Heads are being advised to keep putting badly behaved pupils in isolation, despite a school being criticised for shutting a seven-year-old in a tiny room.
The Avenue Primary School in Leicester received a complaint from a mother last week after her adopted son was punished for misbehaviour by being placed in the school's "time out room" - a space of about 4ft by 4ft, she said, with a tiny window at the top and no handle on the inside.
Stephanie Tate, the school's head, has since apologised to the boy and his mother. She said the time out room had been used only for a few minutes at a time for pupils "displaying violent or challenging behaviour".
Use of the room has now been suspended while the school reviews the approach with Leicester council's behaviour support staff.
But legal advisers have said other schools in England should not rush to close their time out rooms.
Guidance from the Department for Children, Schools and Families has supported isolating badly behaved pupils. Ofsted has also praised some schools' time out rooms, saying they provide an effective alternative to exclusion.
Richard Bird, a legal adviser to the Association of School and College Leaders and a former head, said: "The use of time out rooms as a strategy is well established and recommended by government - headteachers should not think that time out rooms are not allowed."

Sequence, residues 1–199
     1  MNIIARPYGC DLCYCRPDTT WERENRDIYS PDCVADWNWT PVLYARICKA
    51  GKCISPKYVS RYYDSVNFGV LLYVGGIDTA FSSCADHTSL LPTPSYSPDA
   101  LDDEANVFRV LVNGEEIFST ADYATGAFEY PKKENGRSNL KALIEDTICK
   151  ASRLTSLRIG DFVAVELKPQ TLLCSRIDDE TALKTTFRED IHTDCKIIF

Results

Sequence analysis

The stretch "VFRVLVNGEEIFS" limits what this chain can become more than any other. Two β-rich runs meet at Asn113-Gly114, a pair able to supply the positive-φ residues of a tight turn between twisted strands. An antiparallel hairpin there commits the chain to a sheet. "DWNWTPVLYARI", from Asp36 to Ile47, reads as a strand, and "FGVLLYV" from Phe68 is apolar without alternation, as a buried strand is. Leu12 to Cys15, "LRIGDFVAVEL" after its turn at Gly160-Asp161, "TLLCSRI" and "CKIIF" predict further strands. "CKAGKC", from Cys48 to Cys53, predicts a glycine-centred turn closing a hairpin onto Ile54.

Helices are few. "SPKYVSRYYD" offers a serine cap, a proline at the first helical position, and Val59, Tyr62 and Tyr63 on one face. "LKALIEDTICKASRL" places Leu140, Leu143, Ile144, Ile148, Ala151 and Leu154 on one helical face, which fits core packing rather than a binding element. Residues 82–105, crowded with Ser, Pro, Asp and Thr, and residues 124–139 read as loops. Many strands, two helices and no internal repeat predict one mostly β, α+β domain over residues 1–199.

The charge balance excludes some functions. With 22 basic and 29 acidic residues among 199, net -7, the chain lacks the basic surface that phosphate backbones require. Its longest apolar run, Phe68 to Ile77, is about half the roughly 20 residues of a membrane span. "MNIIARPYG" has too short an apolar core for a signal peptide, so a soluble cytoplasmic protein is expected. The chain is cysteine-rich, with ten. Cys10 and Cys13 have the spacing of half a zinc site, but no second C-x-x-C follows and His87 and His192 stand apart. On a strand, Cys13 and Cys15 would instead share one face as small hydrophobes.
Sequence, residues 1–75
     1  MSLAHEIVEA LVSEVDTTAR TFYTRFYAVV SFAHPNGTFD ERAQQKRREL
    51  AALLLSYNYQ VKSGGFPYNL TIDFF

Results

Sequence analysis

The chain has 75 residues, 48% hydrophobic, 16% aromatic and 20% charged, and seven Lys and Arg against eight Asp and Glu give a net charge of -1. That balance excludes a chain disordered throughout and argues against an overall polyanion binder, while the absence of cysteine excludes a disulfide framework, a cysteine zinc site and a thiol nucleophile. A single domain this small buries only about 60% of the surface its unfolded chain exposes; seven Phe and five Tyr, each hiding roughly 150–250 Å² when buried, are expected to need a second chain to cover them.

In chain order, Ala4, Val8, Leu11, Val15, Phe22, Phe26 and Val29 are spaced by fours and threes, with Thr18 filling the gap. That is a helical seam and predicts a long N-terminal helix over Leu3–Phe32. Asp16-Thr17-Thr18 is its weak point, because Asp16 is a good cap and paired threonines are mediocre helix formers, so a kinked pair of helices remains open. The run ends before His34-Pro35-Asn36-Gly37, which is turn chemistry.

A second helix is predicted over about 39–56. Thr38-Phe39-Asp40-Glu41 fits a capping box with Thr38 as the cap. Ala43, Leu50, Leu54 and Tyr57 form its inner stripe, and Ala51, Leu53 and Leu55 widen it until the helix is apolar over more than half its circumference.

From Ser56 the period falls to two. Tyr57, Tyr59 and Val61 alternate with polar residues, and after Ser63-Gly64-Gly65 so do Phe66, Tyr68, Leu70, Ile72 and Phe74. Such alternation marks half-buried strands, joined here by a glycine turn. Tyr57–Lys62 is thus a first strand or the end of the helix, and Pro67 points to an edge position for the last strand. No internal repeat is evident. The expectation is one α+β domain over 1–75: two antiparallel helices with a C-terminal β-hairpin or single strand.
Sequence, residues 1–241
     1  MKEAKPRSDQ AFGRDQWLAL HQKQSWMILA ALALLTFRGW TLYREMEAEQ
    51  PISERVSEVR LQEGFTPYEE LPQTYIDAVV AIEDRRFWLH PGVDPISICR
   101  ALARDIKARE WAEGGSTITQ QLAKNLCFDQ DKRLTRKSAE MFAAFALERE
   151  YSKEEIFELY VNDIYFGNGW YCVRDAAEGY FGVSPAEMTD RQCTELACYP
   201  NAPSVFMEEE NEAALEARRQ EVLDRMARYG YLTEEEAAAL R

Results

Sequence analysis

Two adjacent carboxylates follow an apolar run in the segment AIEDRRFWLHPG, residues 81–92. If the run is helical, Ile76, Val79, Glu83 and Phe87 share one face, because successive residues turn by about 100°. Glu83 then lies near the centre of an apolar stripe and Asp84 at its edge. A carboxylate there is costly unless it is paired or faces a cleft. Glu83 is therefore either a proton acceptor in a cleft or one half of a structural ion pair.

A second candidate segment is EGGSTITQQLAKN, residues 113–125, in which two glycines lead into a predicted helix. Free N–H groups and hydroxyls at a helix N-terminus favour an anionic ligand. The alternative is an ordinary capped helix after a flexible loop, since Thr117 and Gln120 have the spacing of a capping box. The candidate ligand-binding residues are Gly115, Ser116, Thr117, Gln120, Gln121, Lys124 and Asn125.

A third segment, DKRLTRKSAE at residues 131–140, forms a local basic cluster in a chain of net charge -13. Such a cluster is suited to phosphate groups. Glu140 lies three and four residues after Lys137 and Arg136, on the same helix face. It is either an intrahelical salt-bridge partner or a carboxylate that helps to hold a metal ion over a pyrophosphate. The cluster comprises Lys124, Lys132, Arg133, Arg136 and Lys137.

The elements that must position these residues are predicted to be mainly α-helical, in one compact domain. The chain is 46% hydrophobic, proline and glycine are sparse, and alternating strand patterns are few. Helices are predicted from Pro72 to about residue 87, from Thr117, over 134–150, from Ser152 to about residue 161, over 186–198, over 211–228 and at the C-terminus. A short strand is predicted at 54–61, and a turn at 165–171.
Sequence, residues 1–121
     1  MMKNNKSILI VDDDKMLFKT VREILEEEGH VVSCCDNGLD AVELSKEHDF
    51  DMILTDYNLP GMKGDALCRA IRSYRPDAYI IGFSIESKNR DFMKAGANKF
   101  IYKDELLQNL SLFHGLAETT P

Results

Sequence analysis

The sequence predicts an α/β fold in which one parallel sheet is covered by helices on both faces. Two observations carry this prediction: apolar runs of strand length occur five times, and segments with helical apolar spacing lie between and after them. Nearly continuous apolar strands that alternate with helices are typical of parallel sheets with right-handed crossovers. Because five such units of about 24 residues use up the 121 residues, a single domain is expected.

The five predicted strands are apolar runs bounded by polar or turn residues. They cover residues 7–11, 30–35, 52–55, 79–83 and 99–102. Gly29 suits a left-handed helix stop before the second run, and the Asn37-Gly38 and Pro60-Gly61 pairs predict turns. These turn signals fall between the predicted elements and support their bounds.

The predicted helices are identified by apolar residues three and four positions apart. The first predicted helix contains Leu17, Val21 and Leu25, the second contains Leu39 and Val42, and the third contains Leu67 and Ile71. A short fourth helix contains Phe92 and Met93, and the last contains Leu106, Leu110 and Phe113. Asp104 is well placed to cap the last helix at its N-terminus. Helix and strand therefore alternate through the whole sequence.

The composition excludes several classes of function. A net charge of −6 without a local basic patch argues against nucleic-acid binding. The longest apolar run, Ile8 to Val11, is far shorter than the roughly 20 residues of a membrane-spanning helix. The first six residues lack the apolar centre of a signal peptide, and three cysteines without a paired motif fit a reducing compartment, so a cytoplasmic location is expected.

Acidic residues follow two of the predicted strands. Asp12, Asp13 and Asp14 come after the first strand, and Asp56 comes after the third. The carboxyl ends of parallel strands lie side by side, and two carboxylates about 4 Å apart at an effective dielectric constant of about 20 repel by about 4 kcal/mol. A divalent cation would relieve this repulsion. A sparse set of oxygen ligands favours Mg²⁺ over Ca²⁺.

He said rulings by the House of Lords meant schools could isolate a pupil from classmates indefinitely if they were supervised by a teacher and seen as a risk to other students.
Teachers should make individual judgements about whether such a punishment was reasonable, based on factors including the child's age, how they were likely to behave and how long they would be left for.
Mr Bird added: "If isolation is to be used as a punishment, it should be reasonable and publicised to the children and their parents."
A DCSF spokesman said it was up to schools to decide whether their time out room was an appropriate size. Guidance published for schools this year suggests the room should not be overcrowded, and that pupils have reasonable access to toilets and drinking water.